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Molting Hens=No Eggs

17 December 2010

One of my sons checks in on my hens on occasion. He emailed me to say the I hadn’t posted anything lately. I answered that not much was happening in the henhouse. Most of the six hens show signs of molting (loosing their feathers and growing new ones) and aren’t laying eggs. In fact, we’ve only been getting about one egg per day and it looks to be from the same hen. You see, all their eggs look slightly different. They have different shapes and are different colors so we can tell who is laying and who isn’t.

Barred Rock Molting-Pinfeathers are Growing in

Molting is a yearly occurrence for most breeds of chickens. Feathers are made of keratin, a kind of protein, and the annual transformation of shedding and replacement takes its toll on the hen’s physical condition and disposition. When the hens molt, their combs shrink and become a pale pink.  Some hens experience a change in personality, becoming unusually cranky. Molting could go on through January so I’ll have to forgo omelets until the hens are back in form.

Our hens are approaching two years of age now. Several are going through their second molt. Tulip, the Ameraucana, is one that has molted twice. Her molts seem to last forever. She stops laying those pretty green eggs for a couple of months. Sweetpea, the barred rock, is also suffering (I mean experiencing) her second year of molting. Sweetpea, is a good layer and I miss her large, rather long, light-brown eggs. Sweetpea is one of our most affectionate hens. She jumps onto our laps and tucks herself into the crook of our arms and settles in for an extended stay. Last fall, when she first molted she wouldn’t let us touch her. I read that when birds molt, the incoming new feathers make the skin sensitive to the touch. This year, though Sweetpea is a little stand-offish in her molt, she still has enjoyed some gentle handling.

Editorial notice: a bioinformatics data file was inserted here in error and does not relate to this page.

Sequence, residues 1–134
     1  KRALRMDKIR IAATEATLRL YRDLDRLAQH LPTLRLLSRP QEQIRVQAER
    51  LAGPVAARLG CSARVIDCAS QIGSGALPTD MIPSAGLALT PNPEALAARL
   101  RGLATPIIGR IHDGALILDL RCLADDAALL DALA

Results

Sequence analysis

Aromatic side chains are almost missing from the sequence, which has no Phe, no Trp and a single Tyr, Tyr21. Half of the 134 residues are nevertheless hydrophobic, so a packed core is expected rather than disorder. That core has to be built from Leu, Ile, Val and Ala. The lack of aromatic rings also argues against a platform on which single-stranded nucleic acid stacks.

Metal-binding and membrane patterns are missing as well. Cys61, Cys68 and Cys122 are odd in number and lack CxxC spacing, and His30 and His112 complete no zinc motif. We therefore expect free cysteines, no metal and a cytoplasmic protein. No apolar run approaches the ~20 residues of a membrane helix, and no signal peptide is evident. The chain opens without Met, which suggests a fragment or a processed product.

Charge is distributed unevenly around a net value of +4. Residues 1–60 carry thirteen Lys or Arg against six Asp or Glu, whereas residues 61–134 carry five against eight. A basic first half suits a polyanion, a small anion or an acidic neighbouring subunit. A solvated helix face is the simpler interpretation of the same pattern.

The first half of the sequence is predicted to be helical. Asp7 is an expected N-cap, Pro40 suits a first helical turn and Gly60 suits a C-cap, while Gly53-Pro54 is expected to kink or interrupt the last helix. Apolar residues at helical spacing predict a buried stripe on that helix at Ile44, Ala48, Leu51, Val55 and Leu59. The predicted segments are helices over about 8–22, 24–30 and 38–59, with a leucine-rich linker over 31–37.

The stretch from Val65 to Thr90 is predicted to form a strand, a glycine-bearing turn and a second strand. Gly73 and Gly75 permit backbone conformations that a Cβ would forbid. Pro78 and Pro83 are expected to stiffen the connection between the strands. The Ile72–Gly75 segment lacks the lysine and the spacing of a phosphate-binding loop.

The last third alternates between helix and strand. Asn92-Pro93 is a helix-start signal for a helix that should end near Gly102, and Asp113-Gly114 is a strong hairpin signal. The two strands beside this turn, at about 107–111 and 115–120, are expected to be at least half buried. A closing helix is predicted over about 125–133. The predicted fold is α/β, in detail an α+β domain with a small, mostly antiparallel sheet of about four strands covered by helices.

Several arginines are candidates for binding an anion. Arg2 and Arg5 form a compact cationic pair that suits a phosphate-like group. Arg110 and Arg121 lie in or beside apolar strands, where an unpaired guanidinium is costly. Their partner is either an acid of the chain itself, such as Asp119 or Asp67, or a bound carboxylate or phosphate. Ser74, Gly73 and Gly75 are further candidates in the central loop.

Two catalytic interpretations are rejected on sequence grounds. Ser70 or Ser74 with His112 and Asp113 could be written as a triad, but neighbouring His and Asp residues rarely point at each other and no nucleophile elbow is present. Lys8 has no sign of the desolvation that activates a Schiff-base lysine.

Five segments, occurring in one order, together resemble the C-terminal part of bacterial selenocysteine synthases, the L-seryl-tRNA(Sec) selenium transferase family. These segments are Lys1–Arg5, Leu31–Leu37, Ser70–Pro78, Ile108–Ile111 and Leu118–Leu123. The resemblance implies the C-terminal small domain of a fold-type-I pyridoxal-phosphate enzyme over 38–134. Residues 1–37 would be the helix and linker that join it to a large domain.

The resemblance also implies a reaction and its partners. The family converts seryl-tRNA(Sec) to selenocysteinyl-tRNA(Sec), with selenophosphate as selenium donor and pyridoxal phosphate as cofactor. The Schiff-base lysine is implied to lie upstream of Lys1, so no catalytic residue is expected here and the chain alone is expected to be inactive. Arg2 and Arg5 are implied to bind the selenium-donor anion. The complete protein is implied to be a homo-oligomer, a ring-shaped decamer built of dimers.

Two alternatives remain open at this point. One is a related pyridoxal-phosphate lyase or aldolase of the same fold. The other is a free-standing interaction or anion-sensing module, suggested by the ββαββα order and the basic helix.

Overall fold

Sweetpea's bare bottom

Daisy, the Buff Orpington, needed to molt. Her light flaxen plumage had become ragged and dull. I can’t wait to see Daisy in her new feathers. Rosie, the Rhode Island Red, has stopped laying and dropped a few feathers here and there. I see her growing some back on the bare spots on her head that the other hens had denuded. I think that Rosie will be one of those hens that does not fully molt. They say that the better layers molt less and for a shorter length of time and I think that Rosie is one of those. Luckily, we have temperate winters here on the Central Coast. My poor hens are walking around with bare bottoms and naked necks. Hopefully they’ll be strutting their new look soon.

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2 Comments to “Molting Hens=No Eggs”

  1. My chickens are molting and not laying as well! I hope they don’t continue molting through January! Is there a way to make them molt a little faster? I feel sorry for them if they don’t have a full body of feathers during the cold months (the have no heat), and this was the first time in my life that I had to buy a carton of eggs at the store!

  2. It’s odd, isn’t it, that they most often molt in the fall? I’ve got two out of the three hens, loosing their feathers. It will take about two months for them to complete the cycle, then they’ll start laying again. I’ve tried vitamin enriched food, additional protein in their diet, vitamin D is supposed help feathers grow. Nothing seems to speed them up. Some breeds molt more often and take longer. I’m afraid that you just have to wait it out. Then you’ll enjoy those delicious eggs again.

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